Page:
Besides bodyweight, plasma bilirubin concentration was significant on the volume of distribution in the forward inclusion. This resulted in statistically significant improvement of the model fit, with a drop in objective function value (OFV) of 7.22 points and a decrease in IIV on Vd from 61 to 43.2%, thereby explaining 31% of the IIV on Vd. Both parameters were not significant in the backward elimination. After inspecting the individual influence on the decrease in OFV using sharkplots, it was shown that for both covariates, there were two very influencing individuals, with just one individual being responsible for reaching the statistical significance. Bodyweight and plasma bilirubin were therefore not included in the final model. An overview of all parameter estimates is given in Table 2.
Eur J Clin Pharmacol (2017) 73:1271–1277 Table 2 Parameter estimates of the final model and bootstrap analysis
Structural parameters F Ka oral route Ka subcutaneous
0.861 0.236a 20a
Bootstrap of the final model Average
95% percentile (lower)
95% percentile (upper)
18 – –
– – –
0.76 – –
0.50 – –
0.97 – –
CL (L/h) Vd (L) IIV (%)
F bioavailability, Ka absorption rate, CL clearance, Vd volume of distribution a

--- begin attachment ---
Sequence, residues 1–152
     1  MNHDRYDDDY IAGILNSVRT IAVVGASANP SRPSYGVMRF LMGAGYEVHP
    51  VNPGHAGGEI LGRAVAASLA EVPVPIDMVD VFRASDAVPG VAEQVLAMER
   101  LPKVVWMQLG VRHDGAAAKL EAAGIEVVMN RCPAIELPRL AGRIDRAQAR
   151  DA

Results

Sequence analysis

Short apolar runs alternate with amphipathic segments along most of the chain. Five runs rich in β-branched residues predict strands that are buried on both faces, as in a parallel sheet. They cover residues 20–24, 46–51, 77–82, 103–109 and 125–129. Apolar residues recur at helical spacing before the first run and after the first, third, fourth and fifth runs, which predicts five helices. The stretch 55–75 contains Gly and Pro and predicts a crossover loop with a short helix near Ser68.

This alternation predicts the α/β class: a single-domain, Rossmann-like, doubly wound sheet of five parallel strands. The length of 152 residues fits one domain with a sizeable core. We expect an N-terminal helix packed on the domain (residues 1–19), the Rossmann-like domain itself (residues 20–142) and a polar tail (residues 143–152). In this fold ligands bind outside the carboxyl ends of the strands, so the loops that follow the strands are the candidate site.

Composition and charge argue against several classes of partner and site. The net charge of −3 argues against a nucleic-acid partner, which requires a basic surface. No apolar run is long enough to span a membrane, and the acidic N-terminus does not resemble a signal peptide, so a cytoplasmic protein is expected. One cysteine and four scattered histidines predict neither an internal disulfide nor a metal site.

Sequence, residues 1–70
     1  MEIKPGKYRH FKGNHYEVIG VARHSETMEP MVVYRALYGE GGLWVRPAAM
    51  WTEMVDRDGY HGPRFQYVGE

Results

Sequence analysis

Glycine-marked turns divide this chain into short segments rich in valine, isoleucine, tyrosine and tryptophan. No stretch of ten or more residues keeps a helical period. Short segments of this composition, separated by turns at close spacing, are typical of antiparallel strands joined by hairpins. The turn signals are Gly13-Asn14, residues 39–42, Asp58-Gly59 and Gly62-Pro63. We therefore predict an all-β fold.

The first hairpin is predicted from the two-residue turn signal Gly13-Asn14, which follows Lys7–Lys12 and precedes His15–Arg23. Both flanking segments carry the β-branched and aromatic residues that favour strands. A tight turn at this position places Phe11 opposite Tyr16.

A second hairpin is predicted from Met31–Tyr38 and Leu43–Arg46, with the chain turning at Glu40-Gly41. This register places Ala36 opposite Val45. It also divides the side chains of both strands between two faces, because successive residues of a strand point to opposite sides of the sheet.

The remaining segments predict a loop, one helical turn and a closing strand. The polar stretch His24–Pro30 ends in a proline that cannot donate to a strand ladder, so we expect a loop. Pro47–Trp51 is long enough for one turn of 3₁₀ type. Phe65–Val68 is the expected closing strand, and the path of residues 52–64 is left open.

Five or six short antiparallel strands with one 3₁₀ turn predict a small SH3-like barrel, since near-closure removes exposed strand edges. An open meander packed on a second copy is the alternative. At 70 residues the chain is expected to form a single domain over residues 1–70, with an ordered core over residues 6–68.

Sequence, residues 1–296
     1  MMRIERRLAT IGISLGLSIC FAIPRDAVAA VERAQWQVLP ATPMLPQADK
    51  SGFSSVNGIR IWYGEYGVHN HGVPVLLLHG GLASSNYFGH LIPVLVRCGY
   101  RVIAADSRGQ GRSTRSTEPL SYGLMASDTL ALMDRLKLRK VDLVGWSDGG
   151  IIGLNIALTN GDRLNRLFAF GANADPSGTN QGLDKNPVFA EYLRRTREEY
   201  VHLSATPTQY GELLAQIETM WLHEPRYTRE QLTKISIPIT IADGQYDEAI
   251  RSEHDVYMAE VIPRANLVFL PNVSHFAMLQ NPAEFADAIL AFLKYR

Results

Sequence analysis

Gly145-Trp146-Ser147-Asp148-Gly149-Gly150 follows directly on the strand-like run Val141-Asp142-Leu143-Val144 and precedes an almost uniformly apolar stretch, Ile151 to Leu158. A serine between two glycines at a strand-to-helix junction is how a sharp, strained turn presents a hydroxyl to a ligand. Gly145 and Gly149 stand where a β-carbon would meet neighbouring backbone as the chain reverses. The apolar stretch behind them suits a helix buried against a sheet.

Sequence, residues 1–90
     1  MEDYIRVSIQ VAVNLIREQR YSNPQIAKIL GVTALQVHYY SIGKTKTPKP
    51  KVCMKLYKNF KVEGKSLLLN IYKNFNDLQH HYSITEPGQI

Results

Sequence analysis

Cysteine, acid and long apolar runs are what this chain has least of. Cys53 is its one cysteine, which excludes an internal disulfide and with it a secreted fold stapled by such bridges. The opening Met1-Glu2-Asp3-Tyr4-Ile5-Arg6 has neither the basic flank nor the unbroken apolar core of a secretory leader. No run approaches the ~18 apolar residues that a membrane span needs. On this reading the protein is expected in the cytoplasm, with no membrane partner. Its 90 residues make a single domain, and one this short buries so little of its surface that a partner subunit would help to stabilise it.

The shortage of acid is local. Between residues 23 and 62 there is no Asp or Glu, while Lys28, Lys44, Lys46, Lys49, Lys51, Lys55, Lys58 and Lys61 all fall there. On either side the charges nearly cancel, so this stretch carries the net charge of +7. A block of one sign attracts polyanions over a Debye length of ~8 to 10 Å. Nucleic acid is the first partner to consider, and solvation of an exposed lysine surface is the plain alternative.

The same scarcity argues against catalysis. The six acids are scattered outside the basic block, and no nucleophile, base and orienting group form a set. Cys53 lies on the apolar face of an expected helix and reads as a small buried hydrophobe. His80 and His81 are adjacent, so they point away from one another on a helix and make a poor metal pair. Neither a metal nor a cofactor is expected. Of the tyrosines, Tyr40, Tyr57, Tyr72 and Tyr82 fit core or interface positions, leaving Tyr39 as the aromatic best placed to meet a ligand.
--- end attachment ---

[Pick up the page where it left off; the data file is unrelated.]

The Ka values were fixed to literature values as there were no pharmacokinetic studies on haloperidol solution via subcutaneous administration; this Ka was calculated from a Tmax of 20 min which is the literature value of the intramusculair route 
Model evaluation Figure 1a, b shows that both the population predictions and individual predictions were evenly distributed around the line of unity when plotted against the observations. A bootstrap analysis of the final model was performed to obtain 95% percentile ranges for all parameters. Results of the bootstrap are shown in Table 2. Evaluation of the predictive performance by NPDE analysis showed accurate predictive ability, with the distribution of the NPDEs not significantly deviating from a normal distribution (with a global adjusted P values of 0.4), and the majority of the NPDEs laying between the values −2 and 2 (Fig. 1c).